Kevin and I might be exaggerating a touch. This decision is still within the factual situation of a legislatively-mandated mandatory enhancement of a sentence. Traditional factors in aggravation and mitigation, such as the defendant’s background or the particular circumstances of the offense, could still be weighed by the judge in trying to decide upon say a sentence of “from three to five” or even “from six to thirty”. (But I want to reread the decision and the four cases it cites before I guarantee that.)

    nk (d7a872)

  10. Sorry, NK. I thought you were a California resident but I appreciate the response. It’s interesting to compare regional variations. Your description sounds like the timetable for criminal cases in my area.

    DRJ (8b9d41)

  11. Here’s a link to the actual decision (PDF) although its quite quite lengthy and I haven’t been able to peruse it yet.

    It must be interesting though. I say that based on the odd mix of judges ending up on either side of the ruling. I’m going to try to at least skim it over the next couple hours.

    Dwilkers (4f4ebf)

  12. I just skimmed the summary, but I didn’t see anything that said whether the decision was retroactive or not. After Schriro v. Summerlin, it’s not clear to me that this decision would be, but I haven’t followed the Blakely cases closely on this point.

    In any event, the decision’s immediate impact is nonetheless quite large, even if applied prospectively only.

    Matto Ichiban (3b5aeb)

  13. How is it determined if a sentence is determined by a judge or a jury?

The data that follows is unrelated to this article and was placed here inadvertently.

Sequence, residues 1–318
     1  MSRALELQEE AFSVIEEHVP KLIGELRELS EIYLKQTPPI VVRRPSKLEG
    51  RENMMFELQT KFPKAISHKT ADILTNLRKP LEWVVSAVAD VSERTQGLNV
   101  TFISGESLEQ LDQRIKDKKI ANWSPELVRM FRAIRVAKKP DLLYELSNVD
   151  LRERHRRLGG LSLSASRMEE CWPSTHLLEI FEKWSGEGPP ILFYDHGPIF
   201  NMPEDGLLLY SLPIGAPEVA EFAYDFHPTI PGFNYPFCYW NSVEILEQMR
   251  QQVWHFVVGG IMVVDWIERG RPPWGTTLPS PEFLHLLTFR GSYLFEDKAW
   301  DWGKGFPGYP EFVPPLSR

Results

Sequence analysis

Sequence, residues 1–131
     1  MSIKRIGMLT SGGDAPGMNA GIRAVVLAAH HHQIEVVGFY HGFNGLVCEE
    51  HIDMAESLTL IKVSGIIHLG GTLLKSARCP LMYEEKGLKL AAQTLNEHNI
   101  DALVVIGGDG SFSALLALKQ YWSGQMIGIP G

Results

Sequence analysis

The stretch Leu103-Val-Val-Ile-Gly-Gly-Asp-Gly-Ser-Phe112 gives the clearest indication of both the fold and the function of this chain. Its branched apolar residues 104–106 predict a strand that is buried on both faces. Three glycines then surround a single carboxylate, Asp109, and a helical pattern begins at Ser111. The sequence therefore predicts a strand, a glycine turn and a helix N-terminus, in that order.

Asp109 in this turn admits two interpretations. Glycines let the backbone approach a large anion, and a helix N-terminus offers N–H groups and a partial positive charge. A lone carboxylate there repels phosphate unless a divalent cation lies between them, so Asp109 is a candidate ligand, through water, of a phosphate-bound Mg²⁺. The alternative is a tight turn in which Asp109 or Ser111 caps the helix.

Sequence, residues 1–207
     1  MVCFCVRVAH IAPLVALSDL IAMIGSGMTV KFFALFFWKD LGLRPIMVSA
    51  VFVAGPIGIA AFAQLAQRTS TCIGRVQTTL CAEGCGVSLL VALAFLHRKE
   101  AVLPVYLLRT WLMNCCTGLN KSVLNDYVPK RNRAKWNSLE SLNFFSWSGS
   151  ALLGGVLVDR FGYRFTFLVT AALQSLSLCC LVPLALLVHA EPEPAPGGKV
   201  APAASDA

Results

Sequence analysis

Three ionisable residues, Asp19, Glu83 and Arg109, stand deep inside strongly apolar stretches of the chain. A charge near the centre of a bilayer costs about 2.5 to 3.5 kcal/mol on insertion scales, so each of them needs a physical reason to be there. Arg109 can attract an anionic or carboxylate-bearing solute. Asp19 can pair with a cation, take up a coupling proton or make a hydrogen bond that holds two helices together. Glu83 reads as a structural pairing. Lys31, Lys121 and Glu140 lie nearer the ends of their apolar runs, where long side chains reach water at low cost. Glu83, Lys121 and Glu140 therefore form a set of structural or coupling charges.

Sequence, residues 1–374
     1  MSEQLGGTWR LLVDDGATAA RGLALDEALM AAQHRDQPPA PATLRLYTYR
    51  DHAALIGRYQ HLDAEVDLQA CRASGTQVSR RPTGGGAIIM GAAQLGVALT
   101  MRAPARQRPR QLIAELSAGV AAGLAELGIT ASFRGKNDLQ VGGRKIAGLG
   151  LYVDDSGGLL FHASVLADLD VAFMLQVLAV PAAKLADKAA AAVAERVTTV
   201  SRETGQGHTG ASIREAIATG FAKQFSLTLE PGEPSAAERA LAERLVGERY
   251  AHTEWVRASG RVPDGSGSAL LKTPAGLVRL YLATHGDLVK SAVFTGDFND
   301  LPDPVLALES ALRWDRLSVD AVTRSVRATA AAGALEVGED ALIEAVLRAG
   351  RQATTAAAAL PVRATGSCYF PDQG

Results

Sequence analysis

Can a convictee request a judge sentence as a defendant can request a trial-by-judge?

    seePea (38fcb2)

  14. Alright, I just tried to read it. Its a waste of time for me, we’ll have to let our lawyer friends on the board tell us what’s up. It (I include the 2 dissents) seems to hang on such obscure detail that it might as well have been written in Chinese from my perspective.

    Dwilkers (4f4ebf)

  15. OK, I reread it. It seems to be an attack on legislatures tying judges’ hands and forcing them to impose a specific sentence, and not on judges being given broad discretion to consider factors in mitigation and aggravation within a broad discretion of time of sentence. I cannot copy and paste from my version of Acrobat but the second to last paragraph of the majority opinion is pretty explicit.

    Fair enough. It’s a reaction to the “truth in sentencing” movement. Although at first glance it seems like an attack on judicial discretion, I think that it is actually an attack on legislative restrictions on judicial discretion.

    nk (4cd0c2)

  16. This might mean that prosecutors will now have to prove and plead all aggravating sentencing factors pending a remedy by the Legislature. If so, what evidentiary requirements, if any, need be shown in the preliminary hearing so that the sentencing factors can be included in the felony information?

    Bull (c93791)

  17. And these are the same idiots who rule its OK to confiscate a persons home or buisness put grandma out of buisness so city fathers can replace her resruant or store with a filthy cassino. Thos judges need to be replaced

    krazy kagu (9a4519)